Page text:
Results for: “Religion”
|Brian Caulfield||Pauline Books and Media||ePub|
Superdad: More Than an Action Figure
I’m convinced that every dad might be a superhero in the making, destined for greatness. Sure, we might appear as mild-mannered insurance salesmen, construction workers, or lawn care and outdoor grill specialists, but underneath that seemingly mundane surface, there’s more. By virtue of the grace of sacramental marriage, dads can be faster than a speeding stroller, more powerful than a poopy diaper, and able to leap tall bushes in a single bound when the health and safety of the family is at stake. We are called, in the words of Blessed John Paul II, to embrace our natural greatness.
So why do there appear to be so few Superdads in the workplace, the malls, the town greens, and the parish halls of daily life? Many speak of a crisis in fatherhood and a collapse of the family structure in general. My hypothesis is simple—there’s a lot of kryptonite out there. According to studies, more than 30 million children in the United States do not have a father living with them. Ninety percent of all homeless and runaway children do not have their father in their lives. Seventy percent of juveniles in state institutions and 85 percent of all youths in prisons grew up in a fatherless home. Father absence is a scourge across our nation, and across generations.See All Chapters
|Brian Caulfield||Pauline Books and Media||ePub|
Five Steps for Disciplining Kids
When it comes to discipline, dads can be caught in the middle. Our instincts often tell us to be strong and consistent authority figures—the tough-love types—but the culture discourages assertive masculine virtue, and nearly any sign of disciplinary action by men is looked upon as excessive. So too often we fathers stand in the background and leave the disciplining to Mom. Don’t do it, Dad. Just as your kids need you in their lives for school, sports, and social skills, they need you in the all-important area of discipline.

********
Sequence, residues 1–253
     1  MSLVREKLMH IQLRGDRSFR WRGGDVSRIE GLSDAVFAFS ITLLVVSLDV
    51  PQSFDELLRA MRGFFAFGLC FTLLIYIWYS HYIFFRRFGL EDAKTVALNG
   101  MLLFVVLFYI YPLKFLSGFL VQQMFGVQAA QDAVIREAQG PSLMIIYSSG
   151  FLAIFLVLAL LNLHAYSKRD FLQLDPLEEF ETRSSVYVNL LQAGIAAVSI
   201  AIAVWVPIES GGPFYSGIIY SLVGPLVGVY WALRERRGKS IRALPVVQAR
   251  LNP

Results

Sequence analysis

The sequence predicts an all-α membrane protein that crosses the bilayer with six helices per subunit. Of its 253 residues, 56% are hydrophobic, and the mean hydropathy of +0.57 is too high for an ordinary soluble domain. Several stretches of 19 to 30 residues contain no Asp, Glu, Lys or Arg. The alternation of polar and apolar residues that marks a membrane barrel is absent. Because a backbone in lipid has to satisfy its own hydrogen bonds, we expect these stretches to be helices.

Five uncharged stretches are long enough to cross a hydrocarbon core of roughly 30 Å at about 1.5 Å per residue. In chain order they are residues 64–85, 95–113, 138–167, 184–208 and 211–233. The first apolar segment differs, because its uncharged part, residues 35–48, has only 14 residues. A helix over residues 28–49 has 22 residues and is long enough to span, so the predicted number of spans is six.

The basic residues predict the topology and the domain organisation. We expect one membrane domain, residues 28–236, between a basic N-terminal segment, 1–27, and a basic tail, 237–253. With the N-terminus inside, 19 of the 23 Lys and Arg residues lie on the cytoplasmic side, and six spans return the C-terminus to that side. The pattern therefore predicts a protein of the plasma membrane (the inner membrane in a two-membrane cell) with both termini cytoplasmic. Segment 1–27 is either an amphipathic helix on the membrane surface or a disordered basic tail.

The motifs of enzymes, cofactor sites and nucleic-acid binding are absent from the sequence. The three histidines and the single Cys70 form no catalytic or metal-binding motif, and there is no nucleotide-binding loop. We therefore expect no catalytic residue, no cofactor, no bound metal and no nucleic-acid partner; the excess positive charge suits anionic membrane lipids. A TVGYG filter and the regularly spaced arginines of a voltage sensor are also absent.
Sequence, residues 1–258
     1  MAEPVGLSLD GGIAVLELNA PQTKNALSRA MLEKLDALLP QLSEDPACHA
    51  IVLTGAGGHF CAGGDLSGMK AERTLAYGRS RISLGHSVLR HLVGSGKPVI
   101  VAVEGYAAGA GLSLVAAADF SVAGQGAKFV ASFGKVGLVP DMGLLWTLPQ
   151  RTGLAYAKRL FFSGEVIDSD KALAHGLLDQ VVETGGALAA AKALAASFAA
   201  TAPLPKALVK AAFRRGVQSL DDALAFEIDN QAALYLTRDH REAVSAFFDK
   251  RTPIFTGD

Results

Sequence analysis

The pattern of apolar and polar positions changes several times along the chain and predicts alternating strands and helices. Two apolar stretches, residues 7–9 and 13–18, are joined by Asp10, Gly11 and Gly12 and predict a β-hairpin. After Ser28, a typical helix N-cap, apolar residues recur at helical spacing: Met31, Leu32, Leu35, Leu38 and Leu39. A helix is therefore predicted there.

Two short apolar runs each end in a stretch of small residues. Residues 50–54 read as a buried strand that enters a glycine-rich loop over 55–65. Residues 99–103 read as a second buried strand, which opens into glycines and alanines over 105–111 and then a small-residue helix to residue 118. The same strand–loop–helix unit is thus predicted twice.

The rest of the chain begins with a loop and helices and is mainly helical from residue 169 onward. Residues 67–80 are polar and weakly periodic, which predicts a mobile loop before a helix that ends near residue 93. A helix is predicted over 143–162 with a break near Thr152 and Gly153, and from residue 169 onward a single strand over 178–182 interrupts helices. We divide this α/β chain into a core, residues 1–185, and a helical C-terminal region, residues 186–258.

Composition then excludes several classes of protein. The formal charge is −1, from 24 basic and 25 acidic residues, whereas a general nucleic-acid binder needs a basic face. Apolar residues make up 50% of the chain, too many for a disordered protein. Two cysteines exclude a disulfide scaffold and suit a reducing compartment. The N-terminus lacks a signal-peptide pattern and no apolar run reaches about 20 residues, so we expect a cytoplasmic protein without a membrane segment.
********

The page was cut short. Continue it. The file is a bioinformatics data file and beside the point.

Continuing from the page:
Here is a basic five-point outline for being a disciplining, and disciplined, dad. Go over these with your wife so you can work together for the welfare of your children.
1. God made you their parents for a reason
As a licensed psychologist, radio talk show host, and speaker at numerous conferences, I am involved full-time in promoting good marriage and child-rearing practices. In addition, my wife and I have adopted ten children over the years. So I have heard about or personally dealt with just about every problem a family can run into.See All Chapters
|Kathy Kalina||Pauline Books and Media||ePub|
The Work of Dying
WHEN A PATIENT IS ADMITTED to hospice in the early labor stage, the first priority is to control symptoms. Then you have some space for building a relationship. Now, this is a paradox. The work of the dying is to detach from the people and things of this world, and here you are trying to attach. But you are acting as a guide for the journey, and the patient can sense that.